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As per the results of the 2014 general elections, the Congress does not have the requisite 10 percent strength of the membership of the Lok Sabha for its chief to be recognised as the Leader of the Opposition. Therefore, the government proposed an amendment to the Act saying that where there was no Leader of the Opposition, the Leader of the single largest Opposition party in the House would be a member of the selection committee. Another amendment proposed is that an eminent jurist shall be nominated for a period of three years and shall not be eligible for renomination. Yet another one proposed that no appointment of a chairperson or a member or the nomination of an eminent jurist shall be invalid merely by reason of any vacancy or absence of a member in the selection committee.

The hasty passage of the Lokpal in parliament in 2013 brought an end to Hazare’s stir but it did not help the Congress at the hustings. Photo: UNI
The hasty passage of the Lokpal in parliament in 2013 brought an end to Hazare’s stir but it did not help the Congress at the hustings. Photo: UNI

These proposals left the Lokpal Act in deep freeze. The Bill carrying these amendments was referred to the Parliamentary Standing Committee on December 25, 2014, after it was introduced in the Lok Sabha. The Committee took almost a year to submit its report on December 3, 2015. The Committee had suggested that the Search and Selection Committees should not take any decision unless their vacancies are filled up, and recommended suitable provisions in the Bill to ensure filling up of such vacancies at the earliest. But the Committee approved the provision that the leader of the single largest opposition party be granted the status of the Leader of the Opposition for the purpose of the membership of the selection committee.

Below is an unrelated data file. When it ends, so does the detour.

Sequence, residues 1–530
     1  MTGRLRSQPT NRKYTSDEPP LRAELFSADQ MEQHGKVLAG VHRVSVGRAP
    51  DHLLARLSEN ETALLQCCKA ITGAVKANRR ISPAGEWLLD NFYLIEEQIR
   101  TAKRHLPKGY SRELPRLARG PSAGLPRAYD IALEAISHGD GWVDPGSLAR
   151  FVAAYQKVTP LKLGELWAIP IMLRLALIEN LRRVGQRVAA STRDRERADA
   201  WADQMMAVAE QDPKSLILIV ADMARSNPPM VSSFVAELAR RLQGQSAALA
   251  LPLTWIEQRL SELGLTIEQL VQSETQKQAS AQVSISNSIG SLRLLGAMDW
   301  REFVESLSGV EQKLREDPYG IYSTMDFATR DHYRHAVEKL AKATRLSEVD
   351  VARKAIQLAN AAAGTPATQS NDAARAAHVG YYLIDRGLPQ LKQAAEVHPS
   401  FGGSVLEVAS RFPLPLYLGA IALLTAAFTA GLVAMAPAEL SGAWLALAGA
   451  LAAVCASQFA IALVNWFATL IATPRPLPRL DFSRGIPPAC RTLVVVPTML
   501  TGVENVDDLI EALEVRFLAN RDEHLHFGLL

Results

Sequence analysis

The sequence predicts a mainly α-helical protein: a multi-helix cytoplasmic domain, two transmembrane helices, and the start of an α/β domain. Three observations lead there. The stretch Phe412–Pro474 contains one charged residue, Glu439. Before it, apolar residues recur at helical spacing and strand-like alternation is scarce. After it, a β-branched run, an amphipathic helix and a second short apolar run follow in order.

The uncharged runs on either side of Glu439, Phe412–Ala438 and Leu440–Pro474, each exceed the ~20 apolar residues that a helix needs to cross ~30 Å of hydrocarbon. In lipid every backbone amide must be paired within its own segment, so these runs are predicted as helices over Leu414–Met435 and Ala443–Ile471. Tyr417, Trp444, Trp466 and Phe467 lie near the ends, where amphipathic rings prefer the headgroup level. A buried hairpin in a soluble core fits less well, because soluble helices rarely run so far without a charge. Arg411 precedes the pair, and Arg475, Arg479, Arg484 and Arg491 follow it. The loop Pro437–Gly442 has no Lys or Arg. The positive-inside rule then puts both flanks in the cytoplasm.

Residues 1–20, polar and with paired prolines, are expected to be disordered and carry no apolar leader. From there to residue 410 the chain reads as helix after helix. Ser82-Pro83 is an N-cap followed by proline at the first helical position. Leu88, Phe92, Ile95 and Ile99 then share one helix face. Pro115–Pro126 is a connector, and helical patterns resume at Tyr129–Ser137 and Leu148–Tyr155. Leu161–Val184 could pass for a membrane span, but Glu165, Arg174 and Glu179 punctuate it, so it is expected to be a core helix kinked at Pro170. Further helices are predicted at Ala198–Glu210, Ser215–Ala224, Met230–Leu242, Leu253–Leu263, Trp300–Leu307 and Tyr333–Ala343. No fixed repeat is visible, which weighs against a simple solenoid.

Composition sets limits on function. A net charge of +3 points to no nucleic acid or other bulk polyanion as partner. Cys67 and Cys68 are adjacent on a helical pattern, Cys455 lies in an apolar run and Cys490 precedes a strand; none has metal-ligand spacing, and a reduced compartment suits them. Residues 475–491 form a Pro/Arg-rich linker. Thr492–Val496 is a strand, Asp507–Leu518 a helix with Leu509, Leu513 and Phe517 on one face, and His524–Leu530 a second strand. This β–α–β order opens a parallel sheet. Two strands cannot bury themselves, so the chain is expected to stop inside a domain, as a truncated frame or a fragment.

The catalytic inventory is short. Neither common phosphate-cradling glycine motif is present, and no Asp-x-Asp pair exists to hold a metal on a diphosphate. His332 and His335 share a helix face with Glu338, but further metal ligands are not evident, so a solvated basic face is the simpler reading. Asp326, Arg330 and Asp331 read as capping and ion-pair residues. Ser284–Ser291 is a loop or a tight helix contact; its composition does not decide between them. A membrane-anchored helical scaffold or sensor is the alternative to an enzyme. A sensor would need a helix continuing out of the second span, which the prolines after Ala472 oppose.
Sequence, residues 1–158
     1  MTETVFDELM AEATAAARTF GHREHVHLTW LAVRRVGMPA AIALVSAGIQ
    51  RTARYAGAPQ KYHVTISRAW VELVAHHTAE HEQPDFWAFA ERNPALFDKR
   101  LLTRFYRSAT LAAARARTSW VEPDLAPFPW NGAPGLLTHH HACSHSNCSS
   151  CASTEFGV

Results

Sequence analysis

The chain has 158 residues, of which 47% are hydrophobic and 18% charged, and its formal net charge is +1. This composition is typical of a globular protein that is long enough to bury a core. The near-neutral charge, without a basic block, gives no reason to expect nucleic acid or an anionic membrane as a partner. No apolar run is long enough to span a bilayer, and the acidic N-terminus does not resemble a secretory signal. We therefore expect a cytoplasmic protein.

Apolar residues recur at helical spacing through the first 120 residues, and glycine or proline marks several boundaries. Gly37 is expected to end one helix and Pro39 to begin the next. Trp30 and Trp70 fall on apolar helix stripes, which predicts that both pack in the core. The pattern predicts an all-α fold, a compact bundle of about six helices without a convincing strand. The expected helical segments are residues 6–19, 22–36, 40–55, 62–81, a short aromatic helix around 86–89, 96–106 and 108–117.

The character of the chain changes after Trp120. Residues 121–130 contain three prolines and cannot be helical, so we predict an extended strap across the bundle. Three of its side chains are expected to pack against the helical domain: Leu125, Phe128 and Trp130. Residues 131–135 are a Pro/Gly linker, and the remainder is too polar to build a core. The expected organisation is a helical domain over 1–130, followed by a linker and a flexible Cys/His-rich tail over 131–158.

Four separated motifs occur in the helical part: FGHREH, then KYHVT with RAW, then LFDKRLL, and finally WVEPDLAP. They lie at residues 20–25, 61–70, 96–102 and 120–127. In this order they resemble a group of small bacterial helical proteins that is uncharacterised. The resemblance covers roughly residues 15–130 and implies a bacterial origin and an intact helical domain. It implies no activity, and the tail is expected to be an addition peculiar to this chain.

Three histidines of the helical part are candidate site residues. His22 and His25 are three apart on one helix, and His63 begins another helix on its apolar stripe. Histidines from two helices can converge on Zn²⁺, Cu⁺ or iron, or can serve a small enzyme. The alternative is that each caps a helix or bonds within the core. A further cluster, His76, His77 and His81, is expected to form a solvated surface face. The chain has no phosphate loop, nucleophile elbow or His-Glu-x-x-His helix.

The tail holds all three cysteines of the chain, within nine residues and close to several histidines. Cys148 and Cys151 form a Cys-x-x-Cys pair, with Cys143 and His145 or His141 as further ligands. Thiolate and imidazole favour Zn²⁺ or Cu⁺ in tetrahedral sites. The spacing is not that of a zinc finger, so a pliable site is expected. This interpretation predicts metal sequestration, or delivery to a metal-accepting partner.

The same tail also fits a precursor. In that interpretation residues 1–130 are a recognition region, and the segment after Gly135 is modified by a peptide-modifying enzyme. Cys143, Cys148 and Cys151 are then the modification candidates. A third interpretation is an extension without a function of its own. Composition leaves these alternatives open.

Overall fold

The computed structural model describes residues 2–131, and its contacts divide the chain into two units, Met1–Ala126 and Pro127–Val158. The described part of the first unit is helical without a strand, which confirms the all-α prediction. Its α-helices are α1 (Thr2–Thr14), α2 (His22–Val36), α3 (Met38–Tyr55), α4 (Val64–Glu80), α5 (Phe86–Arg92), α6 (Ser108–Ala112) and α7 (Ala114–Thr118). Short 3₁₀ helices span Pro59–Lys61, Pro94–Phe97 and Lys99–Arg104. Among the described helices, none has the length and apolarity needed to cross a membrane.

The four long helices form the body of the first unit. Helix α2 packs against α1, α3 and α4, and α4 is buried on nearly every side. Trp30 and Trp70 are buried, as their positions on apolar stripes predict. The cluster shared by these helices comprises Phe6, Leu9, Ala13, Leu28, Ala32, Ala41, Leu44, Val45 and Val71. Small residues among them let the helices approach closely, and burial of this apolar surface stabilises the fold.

The government claimed to the Court that the report of the standing committee has been under its scrutiny for more than a year, and it will be considered in the Monsoon Session of parliament this year. It told the Court that there could be no direction to parliament to frame any law or to amend the existing one or to complete a legislative exercise within any time frame.

The Court said the Lokpal Act could be workable despite the pendency of the amendment bill in parliament. It held that the Act, as it exists, is otherwise viable, and the amendment sought to be introduced by parliament only aimed at a more efficient working of some of the provisions of the Act. “A law duly enacted and enforced must be given effect to,” the Court held. It reasoned: “If, at present, the Leader of the Opposition is not available, surely, the Chairperson and the other two Members of the Selection Committee, namely, the Speaker of the Lok Sabha and the Chief Justice of India or his nominee may proceed to appoint an eminent jurist as a Member of the Selection Committee under Section 4(1)(e) of the Act.”

The Court further held that the opinion of the Parliamentary Standing Committee against Selection and Search Committees performing their roles despite vacancies, is not sacrosanct, and does not have any material bearing on the validity of the existing provisions of the Act.

The Court’s moral exhortation will hopefully end the stalemate on making Lokpal a reality sooner than later.